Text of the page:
With little upbeat news ahead of a crush of corporate earnings reports next week, stocks on Friday hit their longest losing streak since the market's spring rally began in early March.
Unrelenting worries over the economy, driven by poor reports on unemployment, consumer confidence and falling commodity prices, have kept investors largely out of stocks since mid-June.
"Nobody's investing because there's no reason to invest," said Dawn Bennett, CEO of Bennett Financial Group.
Stocks zigzagged during the week, failing to hold what few gains they could muster. The Dow Jones industrials and the Standard & Poor's 500 index have now fallen four straight weeks.
Investors are on edge as the second-quarter earnings season heats up. Aluminum maker Alcoa unofficially kicked off the period with better-than-expected results on Wednesday, but a warning from Chevron late Thursday put investors back on the defensive. Alcoa and Chevron are among the 30 stocks that make up the Dow.
The pace of reports picks up speed next week with results coming in from heavy hitters such as Johnson & Johnson, JPMorgan Chase, Google and General Electric.
Investors are looking to the reports, and especially the forecast companies give on the remainder of the year, for insight into where the economy is headed. Expectations are generally low.
The Dow Jones industrial average fell 36.65, or 0.5%, to 8,146.52. The Standard & Poor's 500 index lost 3.55, or 0.4%, to 879.13, while the Nasdaq composite index rose 3.48, or 0.2%, to 1,756.03. A handful of upgrades to technology shares helped shore up the Nasdaq.
For the week, the Dow lost 1.6%, the S&P 500 index slide 1.9% and the Nasdaq lost 2.3%.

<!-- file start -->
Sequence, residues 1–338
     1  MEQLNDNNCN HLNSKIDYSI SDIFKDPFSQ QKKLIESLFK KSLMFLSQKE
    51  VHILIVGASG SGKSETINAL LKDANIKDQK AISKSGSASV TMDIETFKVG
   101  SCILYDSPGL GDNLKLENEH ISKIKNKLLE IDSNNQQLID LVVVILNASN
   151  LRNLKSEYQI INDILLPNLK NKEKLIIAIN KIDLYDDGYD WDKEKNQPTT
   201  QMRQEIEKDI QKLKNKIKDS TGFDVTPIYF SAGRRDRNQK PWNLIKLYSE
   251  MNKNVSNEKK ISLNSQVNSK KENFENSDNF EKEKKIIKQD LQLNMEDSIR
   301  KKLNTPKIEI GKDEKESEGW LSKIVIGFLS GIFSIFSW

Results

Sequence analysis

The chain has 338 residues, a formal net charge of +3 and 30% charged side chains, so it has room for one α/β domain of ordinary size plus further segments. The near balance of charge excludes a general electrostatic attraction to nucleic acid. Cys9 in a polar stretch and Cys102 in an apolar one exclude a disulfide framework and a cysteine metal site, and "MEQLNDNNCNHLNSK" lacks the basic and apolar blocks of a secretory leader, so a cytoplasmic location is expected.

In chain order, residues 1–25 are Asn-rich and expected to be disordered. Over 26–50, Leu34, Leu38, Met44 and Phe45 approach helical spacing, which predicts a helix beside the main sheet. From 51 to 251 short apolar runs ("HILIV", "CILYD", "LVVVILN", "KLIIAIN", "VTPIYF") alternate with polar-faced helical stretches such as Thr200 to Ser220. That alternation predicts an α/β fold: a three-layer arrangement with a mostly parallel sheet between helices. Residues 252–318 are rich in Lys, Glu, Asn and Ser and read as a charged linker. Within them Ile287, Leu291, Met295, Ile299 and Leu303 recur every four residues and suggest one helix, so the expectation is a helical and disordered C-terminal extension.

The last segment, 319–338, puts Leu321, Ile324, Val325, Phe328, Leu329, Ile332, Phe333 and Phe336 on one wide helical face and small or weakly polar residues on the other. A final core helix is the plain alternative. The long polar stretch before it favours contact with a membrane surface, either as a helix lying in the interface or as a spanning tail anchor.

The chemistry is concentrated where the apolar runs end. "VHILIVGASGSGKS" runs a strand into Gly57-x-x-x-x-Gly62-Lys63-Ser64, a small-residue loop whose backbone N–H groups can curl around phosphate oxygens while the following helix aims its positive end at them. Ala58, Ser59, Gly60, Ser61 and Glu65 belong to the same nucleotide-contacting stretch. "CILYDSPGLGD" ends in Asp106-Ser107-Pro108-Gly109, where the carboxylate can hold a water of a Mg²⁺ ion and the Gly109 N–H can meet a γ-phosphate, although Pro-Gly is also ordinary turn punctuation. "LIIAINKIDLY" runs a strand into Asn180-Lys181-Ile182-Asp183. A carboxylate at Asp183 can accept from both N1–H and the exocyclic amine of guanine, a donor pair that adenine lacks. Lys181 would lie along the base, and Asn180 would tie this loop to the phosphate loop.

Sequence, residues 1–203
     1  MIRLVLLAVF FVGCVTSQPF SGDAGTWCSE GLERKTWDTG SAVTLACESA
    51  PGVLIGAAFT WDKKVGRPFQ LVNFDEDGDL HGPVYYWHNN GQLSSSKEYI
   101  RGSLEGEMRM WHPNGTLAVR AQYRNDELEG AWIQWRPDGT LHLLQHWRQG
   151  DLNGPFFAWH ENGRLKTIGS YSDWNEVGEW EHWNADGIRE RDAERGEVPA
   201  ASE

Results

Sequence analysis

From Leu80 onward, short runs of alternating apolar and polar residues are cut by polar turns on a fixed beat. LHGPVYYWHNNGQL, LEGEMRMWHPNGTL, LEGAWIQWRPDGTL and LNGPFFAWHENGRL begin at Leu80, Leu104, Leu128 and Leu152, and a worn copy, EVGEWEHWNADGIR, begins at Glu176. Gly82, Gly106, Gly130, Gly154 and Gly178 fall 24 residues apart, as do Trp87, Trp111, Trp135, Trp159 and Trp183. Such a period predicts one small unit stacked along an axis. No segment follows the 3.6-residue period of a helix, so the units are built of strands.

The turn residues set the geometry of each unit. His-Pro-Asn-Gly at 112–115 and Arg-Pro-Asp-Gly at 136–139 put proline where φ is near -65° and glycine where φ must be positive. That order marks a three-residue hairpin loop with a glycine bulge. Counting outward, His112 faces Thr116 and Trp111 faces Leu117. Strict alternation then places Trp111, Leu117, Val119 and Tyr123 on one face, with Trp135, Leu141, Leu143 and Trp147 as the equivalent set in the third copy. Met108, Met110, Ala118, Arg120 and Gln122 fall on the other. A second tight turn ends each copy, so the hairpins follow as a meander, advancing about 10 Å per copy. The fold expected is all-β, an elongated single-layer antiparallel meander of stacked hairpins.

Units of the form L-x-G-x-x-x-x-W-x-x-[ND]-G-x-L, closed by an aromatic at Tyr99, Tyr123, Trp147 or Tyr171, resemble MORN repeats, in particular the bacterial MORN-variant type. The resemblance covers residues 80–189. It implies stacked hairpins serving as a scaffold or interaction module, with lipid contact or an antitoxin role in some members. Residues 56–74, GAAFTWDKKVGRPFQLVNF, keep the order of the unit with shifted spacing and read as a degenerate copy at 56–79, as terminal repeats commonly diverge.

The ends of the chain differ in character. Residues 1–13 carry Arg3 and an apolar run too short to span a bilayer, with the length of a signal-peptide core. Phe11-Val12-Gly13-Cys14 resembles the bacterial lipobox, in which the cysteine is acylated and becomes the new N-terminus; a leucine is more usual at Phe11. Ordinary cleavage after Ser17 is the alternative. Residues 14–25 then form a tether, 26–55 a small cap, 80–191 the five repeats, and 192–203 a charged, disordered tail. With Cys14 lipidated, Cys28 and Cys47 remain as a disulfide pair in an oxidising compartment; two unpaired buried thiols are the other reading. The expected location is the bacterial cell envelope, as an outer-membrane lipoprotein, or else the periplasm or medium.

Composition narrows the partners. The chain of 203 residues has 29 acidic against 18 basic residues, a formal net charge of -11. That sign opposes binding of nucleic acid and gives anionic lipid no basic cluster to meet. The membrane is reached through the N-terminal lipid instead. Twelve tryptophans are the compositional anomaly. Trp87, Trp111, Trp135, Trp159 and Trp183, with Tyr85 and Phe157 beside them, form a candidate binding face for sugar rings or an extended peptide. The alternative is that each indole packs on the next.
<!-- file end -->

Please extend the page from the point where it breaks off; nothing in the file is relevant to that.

Oil producers fell sharply Friday after Chevron said its refining margins fell in the second quarter and will send its results for the period much lower compared with last year.
In another blow to energy stocks, the price of crude oil resumed its descent Friday following a slight pop on Thursday, which had broken six straight days of losses. Investors see the plunge in oil prices as a weak indicator for the economy, which won't be as hungry for energy as long as the recession lingers.
A barrel of crude fell 52 cents to settle at $59.89 on the New York Mercantile Exchange. Oil has fallen sharply since hitting an eight-month high of $73 early last week.
Chevron shares fell $1.68, or 2.7%, to $61.40, while ExxonMobil fell 85 cents, or 1.3%, to $65.12.
Investors have sent major indexes down about 7% since mid-June on the belief that a more than 40% run-up in stocks this spring was unwarranted considering the problems that still plague the economy such as rising unemployment.
"Job insecurity is crushing confidence in consumer spending," said John Skjervem, chief investment officer for Northern Trust's Personal Financial Services. "There is not a lot of good news to hang on to."
The market did get one piece of decent news on the economic front Friday as the Commerce Department said the U.S. trade deficit narrowed to $26 billion in May, the lowest level in more than nine years.
Small gains in technology shares buffered the market's losses. Some technology companies moved higher after Goldman Sachs upgraded its view on both hardware and software providers, noting signs of stabilization in the industry.
Citrix Systems gained 78 cents, or 2.5%, to $32.20. Yahoo shares rose more than 2%, adding 38 cents to $14.93, after an upgrade from Thomas Weisel.
Bond prices rose, sending their yields lower. The yield on the benchmark 10-year Treasury note, a widely used benchmark for consumer loans such as mortgages, fell to 3.30% from 3.41% late Thursday.
In other trading, the Russell 2000 index of smaller companies rose 1.71, or 0.4%, to 480.98.
Declining stocks narrowly outpaced those that rose on the New York Stock Exchange, where volume came to a light 922.1 million shares compared with 1 billion shares Thursday.